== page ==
fraction and mixed convection parameters. The solution has positive or negative value for
certain range of the parameters. The effects of these parameters on the velocity
distribution are presented graphically. They also compare their work with the earlier
work done by J. H. Merkin.
Polidori,
Fohanno
and
Nguyen
[21]
have
studied
the
problem
of
natural
convection flow and heat transfer of Newtonian alumina–water nanofluids over a vertical
semiinfinite plate from a theoretical viewpoint, for a range of nanoparticle volume
fractions up to 4%. The analysis is based on a macroscopic modeling and under the
6
assumption of constant thermophysical nanofluid properties. They proposed Semi
analytical formulas of heat transfer parameters for both the uniform wall temperature
(UWT) and uniform heat flux (UHF) surface thermal conditions and found that natural
convection heat transfer is not solely characterized by the nanofluid effective thermal
conductivity and that the sensitivity to the viscosity model used seems undeniable and
plays a key role in the heat transfer behavior.
Koo and Kleinstreuer [22] have studied steady laminar liquid nanofluid flow in
microchannels for conductionconvection heat transfer for two different base fluids water
and ethylene glycol
having
copper oxide nanospheres at low volume concentrations.
They conjugate heat transfer problem for microheatsinks solved numerically. They
employed new models for the effective thermal conductivity and dynamic viscosity of
nanofluids in light of aspect ratio, viscous dissipation and enhanced temperature effects
for computation of the impact of nanoparticle concentrations in these two mixture flows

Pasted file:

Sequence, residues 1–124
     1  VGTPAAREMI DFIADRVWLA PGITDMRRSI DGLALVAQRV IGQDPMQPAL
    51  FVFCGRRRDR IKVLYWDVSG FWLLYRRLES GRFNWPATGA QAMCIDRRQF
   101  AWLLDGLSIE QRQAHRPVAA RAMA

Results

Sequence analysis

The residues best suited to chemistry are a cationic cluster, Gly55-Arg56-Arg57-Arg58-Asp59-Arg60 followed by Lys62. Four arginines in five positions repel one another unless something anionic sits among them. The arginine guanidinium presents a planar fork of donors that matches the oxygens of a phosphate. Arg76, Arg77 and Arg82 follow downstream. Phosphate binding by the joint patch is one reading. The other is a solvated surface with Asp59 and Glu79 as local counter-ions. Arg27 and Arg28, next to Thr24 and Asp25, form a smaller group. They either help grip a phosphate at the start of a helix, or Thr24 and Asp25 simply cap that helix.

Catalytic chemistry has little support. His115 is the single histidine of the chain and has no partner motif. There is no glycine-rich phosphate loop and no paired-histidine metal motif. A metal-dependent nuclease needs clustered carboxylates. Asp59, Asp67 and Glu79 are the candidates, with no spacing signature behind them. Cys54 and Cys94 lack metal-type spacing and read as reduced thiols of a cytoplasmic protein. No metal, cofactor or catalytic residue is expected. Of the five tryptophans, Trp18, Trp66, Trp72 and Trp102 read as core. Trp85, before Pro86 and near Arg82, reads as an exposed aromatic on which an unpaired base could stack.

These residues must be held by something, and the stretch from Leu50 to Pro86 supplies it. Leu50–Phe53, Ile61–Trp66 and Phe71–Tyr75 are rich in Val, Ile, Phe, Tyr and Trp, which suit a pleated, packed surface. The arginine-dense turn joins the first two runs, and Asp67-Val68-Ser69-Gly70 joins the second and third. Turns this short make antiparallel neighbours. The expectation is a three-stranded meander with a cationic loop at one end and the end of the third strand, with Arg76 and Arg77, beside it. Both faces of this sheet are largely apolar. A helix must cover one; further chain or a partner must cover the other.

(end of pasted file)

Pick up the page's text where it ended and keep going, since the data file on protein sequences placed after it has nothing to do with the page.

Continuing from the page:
on the microchannel pressure gradients, temperature profiles and Nusselt numbers.
Xuan and Li [23] have experimentally investigated flow and convective heat
transfer characteristics for Cu–water based nanofluids through a straight tube with a
constant
heat
flux
at
wall.
Results
showed
that
the
nanofluids
give
substantial
enhancement of heat transfer rate compared to pure water.
Khan and Sanjayanand [24] have studied viscoelastic boundary layer flow and
heat transfer over an exponential stretching continuous sheet. In this study, they focused
on approximate analytical similarity solution
of the
highly
nonlinear
momentum
equation and confluent hypergeometric similarity solution of the heat transfer equation.
They verified accuracy of the analytical solution for stream function using Runge–Kutta
7
fourth order method with shooting method in Matlab. These obtained solutions involve
prescribed
boundary
temperature
and
prescribed
boundary
heat
flux
on
the
flow
directional coordinate for an exponential dependent of stretching velocity. The effects of
various physical parameters like viscoelastic parameter, Prandtl number, Reynolds
number, Nusselt number and Eckert number on various momentum and heat transfer
characteristics are also discussed.
Arnold, Asir, Somasundaram and Christopher [25] have studied the viscoelastic
fluid flow and heat transfer characteristics over a stretching sheet with frictional heating
and internal heat generation or absorption. The heat transfer analysis has been carried out
for the cases of prescribed surface temperature (PST) and prescribed surface heat flux
(PHF). The momentum equation is decoupled from the energy equation for the present
incompressible boundary layer flow problem with constant physical parameters. Exact
solution for the velocity field and the skinfriction are obtained while solutions for the
temperature and heat transfer characteristics are obtained in terms of Kummer’s function.
The work due to deformation in energy equation, which is essential while formulating the
viscoelastic boundary layer flow problems, is considered. In this paper they examines the
effect of viscoelastic parameter, Eckert number, Prandtl number and nonuniform heat
source/sink parameter on temperature distribution, wall temperature gradient for PST
case and wall temperature for PHFcase. In the result they found that the magnitude of
the nondimensional surface velocity gradient is found to increase with increasing the
viscoelastic
parameter
(k _{1} )
–
a
nonNewtonian
parameter.
They
also
found
that
magnitude of the nondimensional surface temperature gradient increases with the Prandtl
8
number (Pr) and an increasing Pr causes reduction in the thickness of the thermal
boundary layer.
Xu and Liao [26] have studied theoretical analysis of the laminar boundarylayer
flow and heat transfer of powerlaw nonNewtonian fluids over a stretching sheet with